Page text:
By Helen Briggs BBC News
19 July 2016
The sound of the first cuckoo in spring is a familiar one in the British countryside.
But the summer visitor is in decline and, according to a new study, its migratory habits may be to blame.
Scientists have tagged birds leaving the UK and believe they take two different routes on their journey to spend the winter in Africa.
Surprisingly, survival is lower on the shorter route via Spain, they report in the journal, Nature Communications.
And this suggests that migration - as well as other factors such as loss of farmland and insect food - may be to blame for the cuckoo's decline.
More than half of cuckoos in the UK have been lost over the past 20 years, according to the British Trust for Ornithology (BTO) in Norfolk, which led the research.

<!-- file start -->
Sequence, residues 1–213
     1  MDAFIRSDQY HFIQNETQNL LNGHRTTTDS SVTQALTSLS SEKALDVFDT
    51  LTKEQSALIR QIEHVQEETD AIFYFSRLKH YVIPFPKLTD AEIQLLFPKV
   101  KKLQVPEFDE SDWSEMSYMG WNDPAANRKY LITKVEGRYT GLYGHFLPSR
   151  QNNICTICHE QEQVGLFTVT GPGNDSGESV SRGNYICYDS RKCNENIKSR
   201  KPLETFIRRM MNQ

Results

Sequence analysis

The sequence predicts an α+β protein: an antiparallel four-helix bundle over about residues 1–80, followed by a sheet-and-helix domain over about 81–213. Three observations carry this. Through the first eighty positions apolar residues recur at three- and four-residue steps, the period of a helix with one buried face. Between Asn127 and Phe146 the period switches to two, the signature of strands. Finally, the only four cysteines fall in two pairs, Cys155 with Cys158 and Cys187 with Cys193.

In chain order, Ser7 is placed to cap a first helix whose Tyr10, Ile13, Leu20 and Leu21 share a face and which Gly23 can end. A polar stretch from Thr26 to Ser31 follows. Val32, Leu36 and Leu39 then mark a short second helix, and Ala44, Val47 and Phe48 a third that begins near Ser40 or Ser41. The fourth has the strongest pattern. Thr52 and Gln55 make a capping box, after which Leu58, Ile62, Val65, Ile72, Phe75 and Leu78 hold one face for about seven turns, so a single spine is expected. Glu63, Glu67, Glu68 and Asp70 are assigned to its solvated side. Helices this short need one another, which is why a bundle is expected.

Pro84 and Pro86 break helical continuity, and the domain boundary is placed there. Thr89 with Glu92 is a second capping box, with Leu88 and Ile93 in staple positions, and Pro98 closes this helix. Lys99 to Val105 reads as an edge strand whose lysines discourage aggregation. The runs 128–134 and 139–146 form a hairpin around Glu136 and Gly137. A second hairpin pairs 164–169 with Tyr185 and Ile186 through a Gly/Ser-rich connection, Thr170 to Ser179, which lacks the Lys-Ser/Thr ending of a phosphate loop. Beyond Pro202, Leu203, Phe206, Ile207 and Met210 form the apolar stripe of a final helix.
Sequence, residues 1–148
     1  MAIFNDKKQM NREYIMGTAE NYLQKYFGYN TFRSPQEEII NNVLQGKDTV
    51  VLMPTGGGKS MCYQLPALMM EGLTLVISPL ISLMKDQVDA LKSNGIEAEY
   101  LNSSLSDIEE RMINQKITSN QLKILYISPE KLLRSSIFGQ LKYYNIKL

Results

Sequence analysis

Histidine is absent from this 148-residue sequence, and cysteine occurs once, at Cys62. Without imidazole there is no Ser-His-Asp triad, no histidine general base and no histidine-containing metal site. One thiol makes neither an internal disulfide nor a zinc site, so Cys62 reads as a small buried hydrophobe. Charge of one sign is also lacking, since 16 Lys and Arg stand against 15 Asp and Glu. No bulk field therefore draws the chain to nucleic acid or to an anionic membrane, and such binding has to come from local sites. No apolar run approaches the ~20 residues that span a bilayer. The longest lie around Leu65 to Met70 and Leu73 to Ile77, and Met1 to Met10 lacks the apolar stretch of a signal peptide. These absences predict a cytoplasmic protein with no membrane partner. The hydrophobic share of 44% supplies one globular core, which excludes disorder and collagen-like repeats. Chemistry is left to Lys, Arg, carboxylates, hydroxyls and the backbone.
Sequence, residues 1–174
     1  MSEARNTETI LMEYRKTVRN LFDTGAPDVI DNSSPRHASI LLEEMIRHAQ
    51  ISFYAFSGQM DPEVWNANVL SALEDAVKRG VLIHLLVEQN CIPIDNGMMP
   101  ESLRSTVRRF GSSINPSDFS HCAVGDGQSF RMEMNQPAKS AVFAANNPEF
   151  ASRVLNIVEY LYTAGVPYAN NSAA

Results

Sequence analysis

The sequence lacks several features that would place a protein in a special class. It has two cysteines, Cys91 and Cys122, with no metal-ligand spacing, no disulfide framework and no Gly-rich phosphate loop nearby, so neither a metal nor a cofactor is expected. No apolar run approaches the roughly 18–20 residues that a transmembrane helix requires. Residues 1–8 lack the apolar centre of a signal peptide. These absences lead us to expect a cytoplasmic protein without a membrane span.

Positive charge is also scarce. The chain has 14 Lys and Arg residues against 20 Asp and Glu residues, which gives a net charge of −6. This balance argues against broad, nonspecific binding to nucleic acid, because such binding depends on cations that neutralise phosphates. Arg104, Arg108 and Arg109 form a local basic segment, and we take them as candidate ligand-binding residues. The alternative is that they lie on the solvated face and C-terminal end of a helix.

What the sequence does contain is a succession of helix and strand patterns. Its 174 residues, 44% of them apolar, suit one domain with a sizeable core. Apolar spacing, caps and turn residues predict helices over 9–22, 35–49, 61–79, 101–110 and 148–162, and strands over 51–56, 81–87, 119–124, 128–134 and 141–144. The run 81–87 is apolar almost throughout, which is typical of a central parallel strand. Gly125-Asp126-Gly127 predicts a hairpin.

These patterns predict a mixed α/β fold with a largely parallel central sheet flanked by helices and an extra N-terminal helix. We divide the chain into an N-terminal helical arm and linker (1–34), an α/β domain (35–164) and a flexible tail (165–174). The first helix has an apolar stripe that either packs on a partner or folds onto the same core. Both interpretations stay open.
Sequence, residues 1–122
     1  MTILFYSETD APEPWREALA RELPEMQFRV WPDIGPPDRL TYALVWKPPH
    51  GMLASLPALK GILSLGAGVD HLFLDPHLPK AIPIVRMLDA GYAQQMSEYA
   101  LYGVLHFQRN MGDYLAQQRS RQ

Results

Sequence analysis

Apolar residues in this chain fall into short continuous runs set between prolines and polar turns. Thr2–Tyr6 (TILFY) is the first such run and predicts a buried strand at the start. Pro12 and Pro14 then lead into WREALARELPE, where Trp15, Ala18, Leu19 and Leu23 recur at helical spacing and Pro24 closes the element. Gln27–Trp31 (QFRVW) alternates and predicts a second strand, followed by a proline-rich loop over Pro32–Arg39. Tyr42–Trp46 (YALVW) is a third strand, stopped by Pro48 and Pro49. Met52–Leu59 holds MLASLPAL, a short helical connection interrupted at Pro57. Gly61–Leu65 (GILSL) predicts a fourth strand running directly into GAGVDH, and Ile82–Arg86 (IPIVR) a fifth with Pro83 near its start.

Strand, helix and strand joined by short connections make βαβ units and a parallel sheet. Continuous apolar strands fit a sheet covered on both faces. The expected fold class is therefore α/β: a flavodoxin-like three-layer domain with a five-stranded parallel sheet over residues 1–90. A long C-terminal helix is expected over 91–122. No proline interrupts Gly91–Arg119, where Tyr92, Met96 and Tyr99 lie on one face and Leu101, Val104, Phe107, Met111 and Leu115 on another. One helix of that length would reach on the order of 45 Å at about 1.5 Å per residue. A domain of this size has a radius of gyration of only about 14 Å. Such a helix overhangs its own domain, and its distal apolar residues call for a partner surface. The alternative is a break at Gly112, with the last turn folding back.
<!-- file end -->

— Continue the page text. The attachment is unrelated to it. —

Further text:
"That pattern of starting in the same place but taking two very different routes to get there has not been seen before in any birds, to the best of our knowledge," said lead researcher Dr Chris Hewson.
"We need to understand the full annual cycle of a migratory bird in order to understand its population decline."